RUFUS PORTER (1792-1884). Portrait of a Young Man in Profile  

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Probably New England, circa 1830

Watercolor and ink on paper, 4 x 3 1/8 inches, period gilt frame with eglomise glass with rare multi-colored border.

This is a classic example of a Rufus Porter profile portrait, that were referred to by the artist as “Side views painted in full colours.”

Born in Massachusetts in 1792, Rufus Porter spent his youth in Maine, married twice and fathered sixteen children, and died in Connecticut in 1884. In his ninety-two years, Porter lived a multifaceted life. As a young man, he was a fiddler, a shoemaker’s apprentice, and teacher. He also built gristmills, ran a dancing school, and crewed a ship. In 1810, Porter learned to paint houses and signs, and by 1815, he had taken to the road an itinerant painter. He is known today for the vibrant murals, that he painted on the walls of new England dwellings and inns, as well as for small portraits and silhouettes that he created of the residents of towns from Maine to Virginia.  Rufus Porter was truly a “renaissance man,” part scientist, artist, journalist, and inventor. In 1845 he moved to New York City and became a full-time journalist. He edited “New York Mechanic,” “American Mechanic” and founded “Scientific American. He died in New Haven, Connecticut in 1884. An exhibition entitled “Rufus Porter Rediscovered” was mounted by The Hudson River Museum in Yonkers, New York in 1980 and Porter was included in the landmark exhibition “American Folk Painters of Three Centuries” at The Whitney Museum of American Art in 1980.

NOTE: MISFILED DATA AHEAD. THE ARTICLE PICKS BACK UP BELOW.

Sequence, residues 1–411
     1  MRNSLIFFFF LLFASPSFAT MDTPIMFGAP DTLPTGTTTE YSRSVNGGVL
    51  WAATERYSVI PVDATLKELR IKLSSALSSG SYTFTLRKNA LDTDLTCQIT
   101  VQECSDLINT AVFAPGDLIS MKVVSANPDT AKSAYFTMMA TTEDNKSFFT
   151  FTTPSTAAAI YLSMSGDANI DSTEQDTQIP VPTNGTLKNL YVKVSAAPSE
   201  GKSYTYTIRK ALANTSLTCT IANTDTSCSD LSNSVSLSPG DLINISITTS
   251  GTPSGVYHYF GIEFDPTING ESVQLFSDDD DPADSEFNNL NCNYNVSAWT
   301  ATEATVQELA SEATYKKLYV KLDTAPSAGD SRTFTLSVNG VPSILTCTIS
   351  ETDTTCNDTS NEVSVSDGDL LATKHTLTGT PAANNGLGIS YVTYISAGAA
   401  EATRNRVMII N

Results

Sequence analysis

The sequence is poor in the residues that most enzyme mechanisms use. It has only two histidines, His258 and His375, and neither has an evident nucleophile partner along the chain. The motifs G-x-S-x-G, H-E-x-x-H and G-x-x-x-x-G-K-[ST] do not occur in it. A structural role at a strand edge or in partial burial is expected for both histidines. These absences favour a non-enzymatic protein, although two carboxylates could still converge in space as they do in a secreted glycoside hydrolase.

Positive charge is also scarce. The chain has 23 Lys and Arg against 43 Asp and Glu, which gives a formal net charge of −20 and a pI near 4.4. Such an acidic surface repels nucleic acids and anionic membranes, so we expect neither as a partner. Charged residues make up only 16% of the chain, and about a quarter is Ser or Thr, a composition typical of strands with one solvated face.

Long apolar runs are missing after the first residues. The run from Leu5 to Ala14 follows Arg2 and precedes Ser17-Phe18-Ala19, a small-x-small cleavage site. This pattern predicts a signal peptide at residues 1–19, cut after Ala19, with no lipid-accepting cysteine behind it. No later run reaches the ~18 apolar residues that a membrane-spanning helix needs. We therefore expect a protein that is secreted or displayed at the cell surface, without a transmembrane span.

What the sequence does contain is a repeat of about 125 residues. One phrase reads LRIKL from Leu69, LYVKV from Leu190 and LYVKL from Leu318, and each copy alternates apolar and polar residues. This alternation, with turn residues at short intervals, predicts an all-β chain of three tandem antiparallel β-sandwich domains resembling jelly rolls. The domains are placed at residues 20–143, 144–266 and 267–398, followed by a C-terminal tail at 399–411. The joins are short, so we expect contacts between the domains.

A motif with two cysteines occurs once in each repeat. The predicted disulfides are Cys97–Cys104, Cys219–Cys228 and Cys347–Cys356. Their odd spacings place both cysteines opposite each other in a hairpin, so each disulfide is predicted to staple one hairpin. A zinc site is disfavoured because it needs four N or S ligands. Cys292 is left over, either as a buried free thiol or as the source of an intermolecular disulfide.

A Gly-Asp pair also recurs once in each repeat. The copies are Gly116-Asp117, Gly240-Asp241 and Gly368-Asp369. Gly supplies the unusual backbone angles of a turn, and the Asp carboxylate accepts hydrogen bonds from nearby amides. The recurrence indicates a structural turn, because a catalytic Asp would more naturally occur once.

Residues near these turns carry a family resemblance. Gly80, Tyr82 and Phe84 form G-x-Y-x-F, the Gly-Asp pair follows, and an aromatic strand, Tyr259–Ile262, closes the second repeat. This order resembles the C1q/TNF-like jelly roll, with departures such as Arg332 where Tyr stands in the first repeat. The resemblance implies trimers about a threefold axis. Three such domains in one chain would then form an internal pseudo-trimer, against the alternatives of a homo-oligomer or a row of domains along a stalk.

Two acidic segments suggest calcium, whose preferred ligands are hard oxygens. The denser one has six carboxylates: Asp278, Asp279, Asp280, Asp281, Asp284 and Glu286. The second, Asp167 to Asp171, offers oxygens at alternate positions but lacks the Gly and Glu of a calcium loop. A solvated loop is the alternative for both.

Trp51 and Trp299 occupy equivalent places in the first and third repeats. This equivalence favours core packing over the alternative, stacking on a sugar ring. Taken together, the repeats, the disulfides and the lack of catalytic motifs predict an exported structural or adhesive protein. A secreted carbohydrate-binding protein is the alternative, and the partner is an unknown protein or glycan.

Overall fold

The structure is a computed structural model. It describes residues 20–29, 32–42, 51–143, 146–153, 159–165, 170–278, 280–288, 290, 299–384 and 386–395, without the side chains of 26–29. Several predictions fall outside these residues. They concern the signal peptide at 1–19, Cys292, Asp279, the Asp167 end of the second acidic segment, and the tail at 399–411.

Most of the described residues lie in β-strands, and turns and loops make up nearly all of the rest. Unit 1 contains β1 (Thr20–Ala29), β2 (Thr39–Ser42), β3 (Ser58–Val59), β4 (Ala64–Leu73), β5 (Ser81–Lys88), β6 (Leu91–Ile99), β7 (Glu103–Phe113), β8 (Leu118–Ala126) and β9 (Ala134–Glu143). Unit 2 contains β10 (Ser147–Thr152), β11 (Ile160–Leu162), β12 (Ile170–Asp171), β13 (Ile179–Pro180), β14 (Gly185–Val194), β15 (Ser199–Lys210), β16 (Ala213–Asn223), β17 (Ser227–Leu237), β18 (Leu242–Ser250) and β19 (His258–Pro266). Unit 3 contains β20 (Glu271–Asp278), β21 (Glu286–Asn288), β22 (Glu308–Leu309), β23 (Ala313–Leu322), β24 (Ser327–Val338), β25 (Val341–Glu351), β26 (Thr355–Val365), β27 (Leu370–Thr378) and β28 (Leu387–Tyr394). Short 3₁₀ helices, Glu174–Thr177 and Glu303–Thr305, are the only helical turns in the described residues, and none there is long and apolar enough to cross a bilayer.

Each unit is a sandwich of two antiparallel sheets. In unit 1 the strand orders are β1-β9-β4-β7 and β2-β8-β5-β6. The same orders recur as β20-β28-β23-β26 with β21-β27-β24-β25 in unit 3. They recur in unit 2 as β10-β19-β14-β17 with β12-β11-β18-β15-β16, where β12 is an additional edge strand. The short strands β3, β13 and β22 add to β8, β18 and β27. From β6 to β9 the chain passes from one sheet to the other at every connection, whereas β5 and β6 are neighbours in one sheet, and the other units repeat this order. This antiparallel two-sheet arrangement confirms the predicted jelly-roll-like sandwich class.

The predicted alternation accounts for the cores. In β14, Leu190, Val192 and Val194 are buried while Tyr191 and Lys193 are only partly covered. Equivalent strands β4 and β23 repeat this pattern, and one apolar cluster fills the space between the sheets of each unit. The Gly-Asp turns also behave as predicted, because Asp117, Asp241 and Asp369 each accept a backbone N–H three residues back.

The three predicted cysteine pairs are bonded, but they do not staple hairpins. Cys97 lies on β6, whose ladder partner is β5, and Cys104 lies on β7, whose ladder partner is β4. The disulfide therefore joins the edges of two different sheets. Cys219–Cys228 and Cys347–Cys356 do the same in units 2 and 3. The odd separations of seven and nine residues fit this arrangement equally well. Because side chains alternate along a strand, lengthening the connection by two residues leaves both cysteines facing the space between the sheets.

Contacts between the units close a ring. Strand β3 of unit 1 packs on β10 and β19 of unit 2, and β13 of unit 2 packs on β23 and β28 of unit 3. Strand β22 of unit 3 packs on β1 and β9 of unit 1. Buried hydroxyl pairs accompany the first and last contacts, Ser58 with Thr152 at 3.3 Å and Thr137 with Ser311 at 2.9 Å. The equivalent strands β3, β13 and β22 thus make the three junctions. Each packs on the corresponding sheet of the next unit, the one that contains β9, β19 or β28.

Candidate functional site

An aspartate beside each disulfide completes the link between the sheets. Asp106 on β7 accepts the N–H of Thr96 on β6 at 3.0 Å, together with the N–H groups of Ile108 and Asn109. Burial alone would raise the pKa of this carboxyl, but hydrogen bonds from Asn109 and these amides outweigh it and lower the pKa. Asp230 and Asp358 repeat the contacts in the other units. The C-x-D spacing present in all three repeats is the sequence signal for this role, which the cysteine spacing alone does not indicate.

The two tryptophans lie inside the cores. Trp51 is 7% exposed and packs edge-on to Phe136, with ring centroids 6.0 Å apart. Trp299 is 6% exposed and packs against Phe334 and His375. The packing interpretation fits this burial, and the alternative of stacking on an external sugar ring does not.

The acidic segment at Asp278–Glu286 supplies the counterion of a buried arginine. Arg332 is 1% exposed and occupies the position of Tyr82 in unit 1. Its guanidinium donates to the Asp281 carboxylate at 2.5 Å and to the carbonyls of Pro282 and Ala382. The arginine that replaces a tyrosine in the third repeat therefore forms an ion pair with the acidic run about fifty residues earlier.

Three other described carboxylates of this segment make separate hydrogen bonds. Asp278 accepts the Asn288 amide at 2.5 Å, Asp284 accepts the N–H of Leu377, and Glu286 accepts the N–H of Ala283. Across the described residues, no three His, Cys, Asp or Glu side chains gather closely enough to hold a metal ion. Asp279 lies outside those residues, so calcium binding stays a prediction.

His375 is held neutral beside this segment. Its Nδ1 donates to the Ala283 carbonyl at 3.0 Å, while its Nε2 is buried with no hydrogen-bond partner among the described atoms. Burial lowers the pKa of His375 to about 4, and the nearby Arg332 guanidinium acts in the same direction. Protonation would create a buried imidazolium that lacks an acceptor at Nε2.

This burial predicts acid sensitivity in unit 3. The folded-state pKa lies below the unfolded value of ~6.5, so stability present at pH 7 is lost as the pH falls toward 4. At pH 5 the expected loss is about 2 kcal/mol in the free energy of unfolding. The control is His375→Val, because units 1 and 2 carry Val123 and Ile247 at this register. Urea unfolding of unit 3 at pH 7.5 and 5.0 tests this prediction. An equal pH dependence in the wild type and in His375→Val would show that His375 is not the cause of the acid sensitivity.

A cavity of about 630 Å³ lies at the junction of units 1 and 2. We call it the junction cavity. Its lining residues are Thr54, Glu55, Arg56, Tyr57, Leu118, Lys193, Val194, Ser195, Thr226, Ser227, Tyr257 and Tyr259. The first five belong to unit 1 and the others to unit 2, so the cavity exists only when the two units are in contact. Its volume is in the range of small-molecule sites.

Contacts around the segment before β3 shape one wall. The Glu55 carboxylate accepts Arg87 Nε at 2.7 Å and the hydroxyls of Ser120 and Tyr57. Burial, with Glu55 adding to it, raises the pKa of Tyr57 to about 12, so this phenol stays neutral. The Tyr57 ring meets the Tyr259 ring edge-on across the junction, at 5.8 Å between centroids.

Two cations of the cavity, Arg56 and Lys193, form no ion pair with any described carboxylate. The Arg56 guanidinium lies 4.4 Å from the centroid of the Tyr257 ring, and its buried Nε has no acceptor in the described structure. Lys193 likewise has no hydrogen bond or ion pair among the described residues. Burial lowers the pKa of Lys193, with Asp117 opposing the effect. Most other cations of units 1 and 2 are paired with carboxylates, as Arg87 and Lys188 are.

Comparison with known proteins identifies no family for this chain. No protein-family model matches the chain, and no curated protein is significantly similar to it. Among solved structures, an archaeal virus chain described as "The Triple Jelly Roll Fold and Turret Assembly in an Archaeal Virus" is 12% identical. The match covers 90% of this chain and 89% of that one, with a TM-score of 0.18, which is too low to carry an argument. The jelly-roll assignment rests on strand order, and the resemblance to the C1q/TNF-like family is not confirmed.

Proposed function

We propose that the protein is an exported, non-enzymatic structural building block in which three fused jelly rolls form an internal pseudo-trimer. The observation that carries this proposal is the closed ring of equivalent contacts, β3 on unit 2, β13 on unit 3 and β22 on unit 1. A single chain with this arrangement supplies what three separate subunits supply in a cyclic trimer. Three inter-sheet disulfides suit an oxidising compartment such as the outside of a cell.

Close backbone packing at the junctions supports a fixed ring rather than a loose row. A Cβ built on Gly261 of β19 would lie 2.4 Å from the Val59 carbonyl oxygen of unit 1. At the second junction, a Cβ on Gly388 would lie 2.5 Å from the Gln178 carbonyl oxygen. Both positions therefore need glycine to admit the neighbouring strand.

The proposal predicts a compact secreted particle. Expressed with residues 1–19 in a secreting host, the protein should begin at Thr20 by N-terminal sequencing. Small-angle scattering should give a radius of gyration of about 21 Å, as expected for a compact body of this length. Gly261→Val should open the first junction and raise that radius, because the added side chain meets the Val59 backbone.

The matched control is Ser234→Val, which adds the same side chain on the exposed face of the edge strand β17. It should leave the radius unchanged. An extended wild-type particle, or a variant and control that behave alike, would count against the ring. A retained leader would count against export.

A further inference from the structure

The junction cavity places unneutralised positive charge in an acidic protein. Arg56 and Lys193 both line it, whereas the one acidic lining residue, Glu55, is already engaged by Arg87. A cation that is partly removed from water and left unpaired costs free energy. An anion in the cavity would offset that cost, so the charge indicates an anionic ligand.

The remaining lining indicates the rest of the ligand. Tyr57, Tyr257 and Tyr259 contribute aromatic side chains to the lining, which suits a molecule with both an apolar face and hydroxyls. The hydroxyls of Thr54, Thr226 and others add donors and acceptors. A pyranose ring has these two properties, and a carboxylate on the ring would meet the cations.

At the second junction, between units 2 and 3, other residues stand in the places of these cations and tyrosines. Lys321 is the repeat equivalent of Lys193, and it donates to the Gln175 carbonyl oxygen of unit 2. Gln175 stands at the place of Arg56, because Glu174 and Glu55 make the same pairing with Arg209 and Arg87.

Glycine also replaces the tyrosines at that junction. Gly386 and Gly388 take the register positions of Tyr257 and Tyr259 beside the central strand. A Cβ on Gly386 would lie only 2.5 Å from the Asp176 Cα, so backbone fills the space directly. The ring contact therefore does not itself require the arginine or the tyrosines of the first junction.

For additional biographical information on Porter see Jean Lipman and Alice Winchester, Eds., Primitive Painters in America 1750-1950 (New York, 1950), pp. 57-66; Jean Lipman, Rufus Porter, Yankee Pioneer (New York, 1969); Jean Lipman, “Rufus Porter 1779-1884” in American Folk Painters of Three Centuries (New York, 1980), p. 154; Beatrix T. Rumford, American Folk Portraits, Paintings and Drawings from the Abby Aldrich Rockefeller Folk Art Center (Boston, 1981),  pp. 170-171; Time-Life Books, Folk Art, Imaginative Works from American Hands (New York, 1990), p. 32; and Marna Anderson, A Loving Likeness, American Folk Portraits of the Nineteenth Century (Princeton, NJ, 1992), pp. 44-47, and Supplement to A Loving Likeness (Princeton, NJ, 1997), pp. 32-33.

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